Genre:LGBT, Coming of Age
Synopsis:Elisa Mancini is a Nobody. Painfully insecure, more at ease with books than with people, at twenty-three she’s a university dropout living at her aunt’s, drifting from one day to another, and waiting for something big to happen.
Judith Shapiro is a Somebody. Arrogant and eccentric, she’s a superstar of mathematics, the subject of scientific articles, and the undisputed ruler of the world around her.
In a trillionth of a trillionth of a second, Elisa falls madly in love with Judith Shapiro. For sixty-eight days she is the mistress of an internationally acclaimed mathematician.
But loving Judith Shapiro is like running a marathon in a war zone. As days pass, Elisa’s wild infatuation takes on a suicidal bent, and the world around her starts to go to pieces. Just as everything is about to blow up, the moment of truth comes.
Absolute Truth, For Beginners is a story about truth, time and love. Or about identity, positive nursing, degrees of happiness, Baroque art, scientific theories, homosexual lovemaking, arrogant television producers, and becoming who you really are.
For a limited time, Absolute Truth is only $0.99/£0.99
My Favourite Places to Read
I was thrilled with this dramatic change of lifestyle, not the least because I was sure that my new life in the country would entail some outrageously romantic reading experiences.
In my mind’s eyes I saw myself seated under a fig tree. Or maybe an olive tree. With a big straw hat and a heavy, page-turner of a book; those that you wish would never end. The world-famous Tuscan sun was filtering through the branches, dancing on the pages, and just the softest summer breeze was sighing in the foliage. And raising my head I had the most breath-taking vista of softly rolling hills open up before me.
Or then it was winter. I was snuggled under a mountain of blankets, close to the fireplace. Together with a cup of something hot and steamy. And my Kindle. And yeah, maybe even some chocolate. Calorie-free, of course. (In my dreams they have discovered that, too.)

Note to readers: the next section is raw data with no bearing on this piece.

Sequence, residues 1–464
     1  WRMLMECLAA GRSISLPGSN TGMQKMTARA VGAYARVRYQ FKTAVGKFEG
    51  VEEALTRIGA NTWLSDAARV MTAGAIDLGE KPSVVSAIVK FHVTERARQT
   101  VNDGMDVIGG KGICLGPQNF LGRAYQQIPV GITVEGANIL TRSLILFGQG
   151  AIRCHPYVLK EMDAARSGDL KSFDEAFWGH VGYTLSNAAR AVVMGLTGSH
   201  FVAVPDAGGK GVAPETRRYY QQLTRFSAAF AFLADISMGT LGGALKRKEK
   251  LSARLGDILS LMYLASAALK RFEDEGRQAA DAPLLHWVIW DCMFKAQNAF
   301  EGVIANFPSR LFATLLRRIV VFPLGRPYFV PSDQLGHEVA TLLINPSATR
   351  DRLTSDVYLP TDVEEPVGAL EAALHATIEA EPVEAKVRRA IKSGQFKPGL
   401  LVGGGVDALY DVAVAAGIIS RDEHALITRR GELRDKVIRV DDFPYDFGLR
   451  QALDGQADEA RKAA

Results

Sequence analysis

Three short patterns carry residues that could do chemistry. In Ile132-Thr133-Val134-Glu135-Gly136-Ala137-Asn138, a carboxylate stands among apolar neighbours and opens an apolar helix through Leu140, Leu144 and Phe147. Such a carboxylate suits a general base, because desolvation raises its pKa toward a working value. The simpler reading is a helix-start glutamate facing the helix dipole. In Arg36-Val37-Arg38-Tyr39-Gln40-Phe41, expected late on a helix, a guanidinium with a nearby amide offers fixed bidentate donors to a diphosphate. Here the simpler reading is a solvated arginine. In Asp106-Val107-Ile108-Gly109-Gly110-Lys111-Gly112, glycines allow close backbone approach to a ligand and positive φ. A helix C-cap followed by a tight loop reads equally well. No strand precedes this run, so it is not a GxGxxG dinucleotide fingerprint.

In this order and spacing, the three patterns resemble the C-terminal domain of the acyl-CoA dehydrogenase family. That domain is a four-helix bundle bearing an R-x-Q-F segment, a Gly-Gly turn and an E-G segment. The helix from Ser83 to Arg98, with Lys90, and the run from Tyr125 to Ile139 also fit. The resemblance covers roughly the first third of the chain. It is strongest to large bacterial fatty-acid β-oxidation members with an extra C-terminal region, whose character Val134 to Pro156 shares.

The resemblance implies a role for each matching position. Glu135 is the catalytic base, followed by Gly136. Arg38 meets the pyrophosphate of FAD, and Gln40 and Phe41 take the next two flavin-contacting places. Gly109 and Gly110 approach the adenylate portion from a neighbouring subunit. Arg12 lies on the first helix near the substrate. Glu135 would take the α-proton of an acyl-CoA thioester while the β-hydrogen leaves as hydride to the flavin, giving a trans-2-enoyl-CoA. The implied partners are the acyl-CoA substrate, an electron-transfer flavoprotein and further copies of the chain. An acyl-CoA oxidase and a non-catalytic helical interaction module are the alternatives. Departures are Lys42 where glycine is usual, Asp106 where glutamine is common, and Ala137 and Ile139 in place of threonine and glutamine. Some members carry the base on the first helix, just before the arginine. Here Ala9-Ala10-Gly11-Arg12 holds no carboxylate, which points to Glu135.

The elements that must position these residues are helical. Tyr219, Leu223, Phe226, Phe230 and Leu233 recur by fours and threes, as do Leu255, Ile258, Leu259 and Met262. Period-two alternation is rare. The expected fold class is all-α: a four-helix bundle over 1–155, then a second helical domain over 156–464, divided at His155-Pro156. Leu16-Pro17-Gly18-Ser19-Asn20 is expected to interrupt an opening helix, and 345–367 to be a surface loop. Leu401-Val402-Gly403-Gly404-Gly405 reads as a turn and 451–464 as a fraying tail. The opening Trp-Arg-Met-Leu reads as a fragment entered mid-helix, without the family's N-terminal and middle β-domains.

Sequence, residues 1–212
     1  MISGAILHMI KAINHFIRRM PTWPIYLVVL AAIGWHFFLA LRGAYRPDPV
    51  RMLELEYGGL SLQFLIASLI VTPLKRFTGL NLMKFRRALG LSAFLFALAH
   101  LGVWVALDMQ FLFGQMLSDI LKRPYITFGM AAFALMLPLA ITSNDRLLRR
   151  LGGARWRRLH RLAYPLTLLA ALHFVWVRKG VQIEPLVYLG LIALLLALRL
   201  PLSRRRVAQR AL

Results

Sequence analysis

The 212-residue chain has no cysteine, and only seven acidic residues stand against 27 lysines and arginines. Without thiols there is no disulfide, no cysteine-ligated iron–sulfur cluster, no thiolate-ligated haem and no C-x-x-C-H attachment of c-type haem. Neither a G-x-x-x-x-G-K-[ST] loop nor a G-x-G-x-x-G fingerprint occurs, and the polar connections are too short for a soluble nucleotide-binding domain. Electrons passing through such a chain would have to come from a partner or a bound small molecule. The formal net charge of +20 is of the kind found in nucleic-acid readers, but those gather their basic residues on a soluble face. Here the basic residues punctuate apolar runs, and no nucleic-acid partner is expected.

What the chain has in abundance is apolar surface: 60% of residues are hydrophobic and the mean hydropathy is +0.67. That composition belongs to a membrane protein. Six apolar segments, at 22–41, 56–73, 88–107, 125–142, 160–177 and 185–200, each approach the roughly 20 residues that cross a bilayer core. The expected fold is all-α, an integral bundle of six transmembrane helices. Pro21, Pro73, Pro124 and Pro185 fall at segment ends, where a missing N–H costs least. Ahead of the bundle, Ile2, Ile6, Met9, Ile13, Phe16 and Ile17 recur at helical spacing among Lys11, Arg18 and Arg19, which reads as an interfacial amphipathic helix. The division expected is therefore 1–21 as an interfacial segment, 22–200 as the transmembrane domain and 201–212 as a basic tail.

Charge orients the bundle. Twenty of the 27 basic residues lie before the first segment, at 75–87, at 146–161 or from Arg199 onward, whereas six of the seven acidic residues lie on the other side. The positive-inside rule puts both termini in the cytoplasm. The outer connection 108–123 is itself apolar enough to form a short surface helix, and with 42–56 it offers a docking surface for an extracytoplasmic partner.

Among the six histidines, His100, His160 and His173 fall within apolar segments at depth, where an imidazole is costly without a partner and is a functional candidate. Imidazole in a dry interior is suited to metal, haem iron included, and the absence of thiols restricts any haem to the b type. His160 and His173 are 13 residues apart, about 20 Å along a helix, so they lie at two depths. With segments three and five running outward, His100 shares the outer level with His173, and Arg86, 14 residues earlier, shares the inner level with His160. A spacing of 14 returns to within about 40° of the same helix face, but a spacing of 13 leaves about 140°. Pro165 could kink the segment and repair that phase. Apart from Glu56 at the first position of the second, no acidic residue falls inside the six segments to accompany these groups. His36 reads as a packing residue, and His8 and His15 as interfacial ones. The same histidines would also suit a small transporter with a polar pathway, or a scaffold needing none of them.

So how have they been, reading-wise, my ten years in rural Tuscany? How many unforgettable and outrageously romantic reading experiences have I had?
Er… well. Actually, none.
What I have done is publish two novels, raise a son, cook and clean. I’ve cared for a hairy mop of a shepherd dog, a regiment of carefree country cats, and a German ghost (a gentle soul living in our ancient well). I’ve mowed and sandpapered and painted and repaired and carried firewood. And by doing all that, I haven’t had much time for sublime reading experiences.
That’s why my favourite reading places are those where I can actually read. I read while seated at my desk and being queued on the telephone. (One of the wonders of the Italian automated telephone services: it takes ages before they’ll reply to you!) Or I read in the kitchen, standing, while stirring the soup. And obviously I read in bed, just before falling asleep. A paragraph or two is an evening must, no matter how late it might be. And I’m ashamed to admit that I read at the dinner table, despite my conscience telling me that it’s Bad Parenting.
But I still haven’t forgotten my reading dream. You know, the one about the straw hat and the fig tree and that Tuscan sun filtering through the branches.
And the page-turner of a book that never ends.
She spent time travelling in Africa, Asia and Latin America, and went on to study at Queen Mary and Westfield College in London and the European University Institute in Florence, where she completed a PhD in political science and published a book based on it, Agents of Altruism. During those student years she started work as a journalist, and continued writing for various Finnish magazines and newspapers for over ten years, writing on various topics from current events and humanitarian issues to celebrity interviews and short stories. She also briefly worked as a university lecturer on humanitarian issues in Northern Italy.
Katarina lives in an old farmhouse in Chianti with her husband and son and when not writing, she is fully immersed in Tuscan country life, from jam-making and olive-picking to tractor maintenance.